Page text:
Taco Bell Testing New Vegan Meat Alternative To Expand Vegetarian Menu

Taco Bell is working on expanding its vegetarian menu. This is why the fast-food chain is experimenting with its own proprietary vegan meat. The meat is being made from chickpea and pea blend. A company spokesperson said that vegan meat will be a substitute option for seasoned beef. The will be a substitute for any menu item at no extra charge. However, the no extra charge facility will be available only during the test. The new alternative meat will be initially sold at the Southern California location during the test run. It has been as the Cravetarian.

Offered in Cravetarian

Read more

Make a Historic Boston Dessert That Became a Japanese Favorite

In 2019, a Boston restaurant closed. Normally, a restaurant closing in a major city wouldn’t cause much of a commotion, but this was different. Durgin-Park had been open for almost 200 years, and was famed for serving what food historian Paul Freedman calls the “first forgotten cuisine” of the United States.

Durgin-Park, located in Boston’s Faneuil Hall market, was truly the last of its kind. Something of a tourist trap in its later years, the restaurant slung crock after crock of Boston baked beans (once the city’s calling card) as well as crowd-pleasing fare like pasta and onion rings. But

Read more

Bring in a singer, expand the menu

TAMPA — Things looked bleak for many food truck operators as the pandemic robbed them of their customers.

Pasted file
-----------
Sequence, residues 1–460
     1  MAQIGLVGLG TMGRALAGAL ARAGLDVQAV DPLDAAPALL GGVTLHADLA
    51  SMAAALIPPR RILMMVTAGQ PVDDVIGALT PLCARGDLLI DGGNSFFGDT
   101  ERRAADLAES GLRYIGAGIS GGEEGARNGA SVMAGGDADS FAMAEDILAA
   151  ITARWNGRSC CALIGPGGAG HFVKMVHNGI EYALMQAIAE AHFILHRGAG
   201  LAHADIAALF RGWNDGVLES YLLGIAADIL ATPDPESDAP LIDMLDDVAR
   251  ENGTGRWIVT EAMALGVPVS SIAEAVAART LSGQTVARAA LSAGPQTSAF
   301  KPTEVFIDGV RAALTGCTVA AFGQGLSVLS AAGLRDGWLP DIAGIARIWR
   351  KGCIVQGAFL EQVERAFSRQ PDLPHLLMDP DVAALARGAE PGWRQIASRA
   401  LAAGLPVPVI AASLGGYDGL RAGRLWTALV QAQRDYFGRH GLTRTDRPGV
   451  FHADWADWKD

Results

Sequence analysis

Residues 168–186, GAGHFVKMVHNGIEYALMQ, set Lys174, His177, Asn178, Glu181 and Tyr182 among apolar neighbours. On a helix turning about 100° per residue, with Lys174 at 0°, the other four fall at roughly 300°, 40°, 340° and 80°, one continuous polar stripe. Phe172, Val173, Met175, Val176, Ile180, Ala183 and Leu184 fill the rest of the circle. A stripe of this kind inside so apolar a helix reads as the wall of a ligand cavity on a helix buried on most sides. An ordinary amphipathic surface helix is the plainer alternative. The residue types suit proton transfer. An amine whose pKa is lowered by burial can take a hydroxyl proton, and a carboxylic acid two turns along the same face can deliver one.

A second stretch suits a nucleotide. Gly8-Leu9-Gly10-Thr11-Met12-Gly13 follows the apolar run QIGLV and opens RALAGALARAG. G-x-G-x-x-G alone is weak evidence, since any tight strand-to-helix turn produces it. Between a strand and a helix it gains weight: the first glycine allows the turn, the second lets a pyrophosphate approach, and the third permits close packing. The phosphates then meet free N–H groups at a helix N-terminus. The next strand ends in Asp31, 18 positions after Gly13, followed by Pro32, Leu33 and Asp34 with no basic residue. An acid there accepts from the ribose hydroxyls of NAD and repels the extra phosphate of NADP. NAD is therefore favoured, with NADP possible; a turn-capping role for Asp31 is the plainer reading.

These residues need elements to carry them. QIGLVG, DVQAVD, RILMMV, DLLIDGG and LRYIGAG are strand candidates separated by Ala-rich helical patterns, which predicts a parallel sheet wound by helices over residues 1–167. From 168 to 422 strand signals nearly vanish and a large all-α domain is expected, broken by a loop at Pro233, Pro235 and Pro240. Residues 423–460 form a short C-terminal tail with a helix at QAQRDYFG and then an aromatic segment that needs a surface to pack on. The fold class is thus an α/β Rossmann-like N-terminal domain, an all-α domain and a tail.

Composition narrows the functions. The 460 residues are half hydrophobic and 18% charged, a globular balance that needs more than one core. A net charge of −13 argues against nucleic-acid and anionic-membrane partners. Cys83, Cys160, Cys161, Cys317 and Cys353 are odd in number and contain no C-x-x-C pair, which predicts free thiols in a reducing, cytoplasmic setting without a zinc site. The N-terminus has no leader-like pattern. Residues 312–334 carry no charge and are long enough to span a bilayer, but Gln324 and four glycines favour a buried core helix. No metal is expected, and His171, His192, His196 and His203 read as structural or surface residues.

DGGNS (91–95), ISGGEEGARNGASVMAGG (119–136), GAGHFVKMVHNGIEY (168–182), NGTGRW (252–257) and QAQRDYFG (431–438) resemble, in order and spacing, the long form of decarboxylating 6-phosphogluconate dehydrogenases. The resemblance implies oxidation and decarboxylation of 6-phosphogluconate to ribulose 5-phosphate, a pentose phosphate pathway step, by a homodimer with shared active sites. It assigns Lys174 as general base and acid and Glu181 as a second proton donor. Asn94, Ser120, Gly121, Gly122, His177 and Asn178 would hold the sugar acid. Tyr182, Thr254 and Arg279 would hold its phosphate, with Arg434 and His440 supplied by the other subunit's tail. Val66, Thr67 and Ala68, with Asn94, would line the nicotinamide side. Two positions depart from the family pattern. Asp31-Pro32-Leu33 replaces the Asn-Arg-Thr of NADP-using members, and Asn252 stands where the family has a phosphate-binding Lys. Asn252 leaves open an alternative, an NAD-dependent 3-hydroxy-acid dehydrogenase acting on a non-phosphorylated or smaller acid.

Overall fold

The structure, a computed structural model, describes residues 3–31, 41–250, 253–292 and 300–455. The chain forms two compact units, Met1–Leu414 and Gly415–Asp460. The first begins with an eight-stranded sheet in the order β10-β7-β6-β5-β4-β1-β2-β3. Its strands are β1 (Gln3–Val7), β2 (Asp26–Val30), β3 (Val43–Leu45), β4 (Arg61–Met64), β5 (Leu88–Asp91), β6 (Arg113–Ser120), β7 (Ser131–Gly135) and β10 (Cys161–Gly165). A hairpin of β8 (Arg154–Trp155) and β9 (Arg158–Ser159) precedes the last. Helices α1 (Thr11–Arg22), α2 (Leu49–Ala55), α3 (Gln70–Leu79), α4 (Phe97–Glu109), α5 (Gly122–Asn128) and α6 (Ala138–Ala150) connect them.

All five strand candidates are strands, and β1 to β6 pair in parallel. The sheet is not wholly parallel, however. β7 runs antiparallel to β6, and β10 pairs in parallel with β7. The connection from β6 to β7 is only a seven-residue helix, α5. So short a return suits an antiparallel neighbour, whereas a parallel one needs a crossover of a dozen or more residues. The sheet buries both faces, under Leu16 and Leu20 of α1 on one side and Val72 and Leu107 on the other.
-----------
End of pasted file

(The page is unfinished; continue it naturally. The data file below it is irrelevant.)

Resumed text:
But the crisis inspired some creative thinking by two people who sell Latin American food on wheels, and now, they’re seeing more people show up at their windows.

One teamed up with a Peruvian singer who was also hoping to rebuild an audience.

“It was the best we could think of, because the pandemic has been like an earthquake for many of us.” said Vilma Flores, 67, who sells Peruvian food in Town N’ Country.

Oliver Castellanos, 63, was selling Colombian favorites

Read more

Metro woman sprouts urban farm to combat food deserts in city

Kansas City, MO — La’Trice Murray, who goes by the professional name ‘Black Farmer Jane’, says she never really had much of a green thumb, until the pandemic struck.

Murray, who travels most of the year as a software trainer for Cerner, found herself grounded during COVID-19.

In search of a hobby, Murray found her new calling.

“From one plant just last year, when I just had this small strip over to the right, full of peppers and tomatoes and cucumbers,” Murray said. “That was enough to provide for myself, my mother, my father, my uncle, my grandmother

Read more